Thirteen-year-old accessories brand Cuyana launched, Made With Air, labeled as “the world’s first true zero-impact collection,” on April 1. Its announcement led to the brand’s social accounts seeing a 130% increase in content interaction and an over 100% increase in accounts engaged, compared to its other campaign activations.
April Fool’s is tricky for brands to navigate. Lowlights include cringe product ideas and forced humor-focused campaigns. This year, Cuyana got in on the holiday, with an aim to pair the concepts of greenwashing and de-influencing to make an impact in-store, on its social channels and through an email marketing campaign. It teased the “Made with Air” campaign in the days leading up to April 1 in its stores, through campaign imagery, and on social media, via its own accounts and partnerships with influencers.
In the marketing, the brand described the Made With Air collection as its lightest, airiest, most sustainable clothing offering yet. Of course, an item made from air cannot exist — which the brand explained when it revealed through its marketing channels that it was not, in fact, launching a collection. Over the last 10 years, greenwashing has been rife in the industry. Both the E.U. and the U.K. are now announcing measures to stop greenwashing in consumer product categories.
“Brands have begun taking the position that they know what’s better for the environment, but it’s still within the context of a high-growth business model, which is a bit hypocritical. They’re saying that they know what the priorities are, while they’re focusing on growth,” said George Harding Rolls, campaign manager at Changing Markets Foundation, a Dutch non-profit formed to expedite solutions to consumer product sustainability challenges.
“In this case, it felt very important to show and talk to the industry about how greenwashing isn’t a good path forward, because it builds consumer distrust between brands and consumers,” said Shilpa Shah, co-founder of Cuyana. “It desensitizes consumers overall to the topic of sustainability which is contradictory to what we want. The only way to really break through that noise was to show them how susceptible one can be to these messages.”
According to Shah, the initial campaign led a few customers to add the “air” product to their carts. The product page imagery showed a fuzzy, colored cloud of air surrounding the model.
“We were very intentional about not saying ‘April 1’ [within the campaign] and just doing it as a greenwashing marketing campaign like the ones we see in the industry, and people totally bought into it,” Shah said. Apart from the increase in social engagement, the brand saw double its average number of site sessions on the day of launch, driven by a brand email. In fact, the site saw more sessions than during the brand’s one-time archive sale.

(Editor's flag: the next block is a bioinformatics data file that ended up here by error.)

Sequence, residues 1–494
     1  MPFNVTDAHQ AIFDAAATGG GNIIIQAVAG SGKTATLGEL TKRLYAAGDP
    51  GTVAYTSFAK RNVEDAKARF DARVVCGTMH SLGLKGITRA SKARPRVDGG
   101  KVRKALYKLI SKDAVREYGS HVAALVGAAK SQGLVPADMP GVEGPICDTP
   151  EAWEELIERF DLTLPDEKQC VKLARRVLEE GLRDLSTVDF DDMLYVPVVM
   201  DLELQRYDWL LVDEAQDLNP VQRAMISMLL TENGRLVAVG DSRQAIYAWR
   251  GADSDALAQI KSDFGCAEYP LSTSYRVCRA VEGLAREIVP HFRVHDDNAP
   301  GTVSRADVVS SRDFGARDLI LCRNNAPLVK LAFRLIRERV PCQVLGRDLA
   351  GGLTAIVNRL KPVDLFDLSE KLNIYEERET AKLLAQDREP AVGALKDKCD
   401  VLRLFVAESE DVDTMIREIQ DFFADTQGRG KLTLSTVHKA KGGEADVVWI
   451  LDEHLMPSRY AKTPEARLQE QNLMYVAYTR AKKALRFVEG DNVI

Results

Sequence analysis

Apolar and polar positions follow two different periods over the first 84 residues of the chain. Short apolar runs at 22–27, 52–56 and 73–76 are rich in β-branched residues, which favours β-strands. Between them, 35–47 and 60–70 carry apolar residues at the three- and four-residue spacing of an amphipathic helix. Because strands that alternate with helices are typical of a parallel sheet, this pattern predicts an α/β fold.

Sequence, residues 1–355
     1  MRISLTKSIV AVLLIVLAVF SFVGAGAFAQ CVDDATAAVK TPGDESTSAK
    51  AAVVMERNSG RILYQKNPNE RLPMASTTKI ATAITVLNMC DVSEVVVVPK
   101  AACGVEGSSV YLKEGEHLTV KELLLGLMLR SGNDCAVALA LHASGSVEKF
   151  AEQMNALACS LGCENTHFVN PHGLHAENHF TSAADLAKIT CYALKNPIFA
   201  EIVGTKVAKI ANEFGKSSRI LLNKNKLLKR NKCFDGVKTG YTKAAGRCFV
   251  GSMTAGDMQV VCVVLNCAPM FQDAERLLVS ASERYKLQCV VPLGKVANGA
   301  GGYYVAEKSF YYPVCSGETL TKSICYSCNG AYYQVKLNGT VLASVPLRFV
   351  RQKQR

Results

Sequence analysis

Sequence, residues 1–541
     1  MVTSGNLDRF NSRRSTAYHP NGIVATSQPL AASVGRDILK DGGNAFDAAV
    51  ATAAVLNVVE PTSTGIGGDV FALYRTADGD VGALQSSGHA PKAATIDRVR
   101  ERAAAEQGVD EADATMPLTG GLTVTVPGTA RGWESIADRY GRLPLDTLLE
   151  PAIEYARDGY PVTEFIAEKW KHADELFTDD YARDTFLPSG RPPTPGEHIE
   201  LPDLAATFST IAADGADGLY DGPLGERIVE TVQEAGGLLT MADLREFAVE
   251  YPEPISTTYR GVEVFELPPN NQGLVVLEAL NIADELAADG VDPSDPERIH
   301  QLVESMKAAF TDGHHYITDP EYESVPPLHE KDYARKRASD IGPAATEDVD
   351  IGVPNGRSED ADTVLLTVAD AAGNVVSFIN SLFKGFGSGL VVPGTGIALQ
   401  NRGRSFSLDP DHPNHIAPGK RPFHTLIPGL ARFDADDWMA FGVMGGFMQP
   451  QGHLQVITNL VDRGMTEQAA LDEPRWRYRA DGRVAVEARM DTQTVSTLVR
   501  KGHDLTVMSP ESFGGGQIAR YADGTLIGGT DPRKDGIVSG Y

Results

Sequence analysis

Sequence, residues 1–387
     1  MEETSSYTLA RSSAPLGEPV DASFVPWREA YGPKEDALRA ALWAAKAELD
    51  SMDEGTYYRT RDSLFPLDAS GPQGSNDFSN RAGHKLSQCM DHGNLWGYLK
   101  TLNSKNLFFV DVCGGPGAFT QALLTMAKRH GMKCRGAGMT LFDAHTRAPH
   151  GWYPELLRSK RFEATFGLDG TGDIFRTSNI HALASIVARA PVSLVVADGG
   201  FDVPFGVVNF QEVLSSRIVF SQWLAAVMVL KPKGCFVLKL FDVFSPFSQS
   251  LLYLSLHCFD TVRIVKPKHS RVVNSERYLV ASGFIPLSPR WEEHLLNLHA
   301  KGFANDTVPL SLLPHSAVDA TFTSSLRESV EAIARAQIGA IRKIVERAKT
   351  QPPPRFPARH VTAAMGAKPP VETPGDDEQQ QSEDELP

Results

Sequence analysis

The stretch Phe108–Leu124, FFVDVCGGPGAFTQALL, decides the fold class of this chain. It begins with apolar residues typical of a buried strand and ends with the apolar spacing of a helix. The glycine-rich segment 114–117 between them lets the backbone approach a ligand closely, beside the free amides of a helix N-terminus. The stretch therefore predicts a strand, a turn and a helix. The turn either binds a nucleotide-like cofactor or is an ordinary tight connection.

“In the marketing world, we’ve been told that people don’t read anymore, but [in this case], more people engaged and more people read than with any other thing we’ve done,” Shah said.
For the campaign, Cuyana teamed with eight sustainability-focused influencers including actresses Nathalie Kelly (1.5 million Instagram followers), Janina Gavankar (206,000 followers) and Kayla Ewell (1 million followers). The influencers supported the campaign organically and were not paid to post. They posted a photo of themselves wearing the blurry fake “air” garments in their photos, paired with a caption about greenwashing. “The part we added here is the humor; you don’t see a lot of humor around sustainability,” said Shah. “That, and having influencers actually wearing the air, made it that much more effective.”
Cuyana respun the concept of de-influencing by enlisting influencers to educate their followers on greenwashing and to give greenwashing practices — rather than a single product or brand — a negative review.
Instead of simply being paid to post, influencers were also encouraged to contribute to the campaign and its imagery. “Our approach is, ‘Let’s not pay you for your influence, but let’s pay you for your intelligence,’” said Shah. “A lot of times when you make influencer requests, it feels fake and artificial and not intelligent. Because this was coming from a place of intelligence, the influencers found that their community was applauding their posts, versus thinking, ‘Oh, you’re selling to me.”
Shah said the learnings from the campaign could help brands avoid greenwashing in the future by showing the power of sustainable fashion influencers to educate and bust myths.
“We learned a lot about how people who have worked hard to establish their community, especially in the sustainability space, haven’t been incentivized the same way that regular fashion influencers have by bigger brands,” Shah said.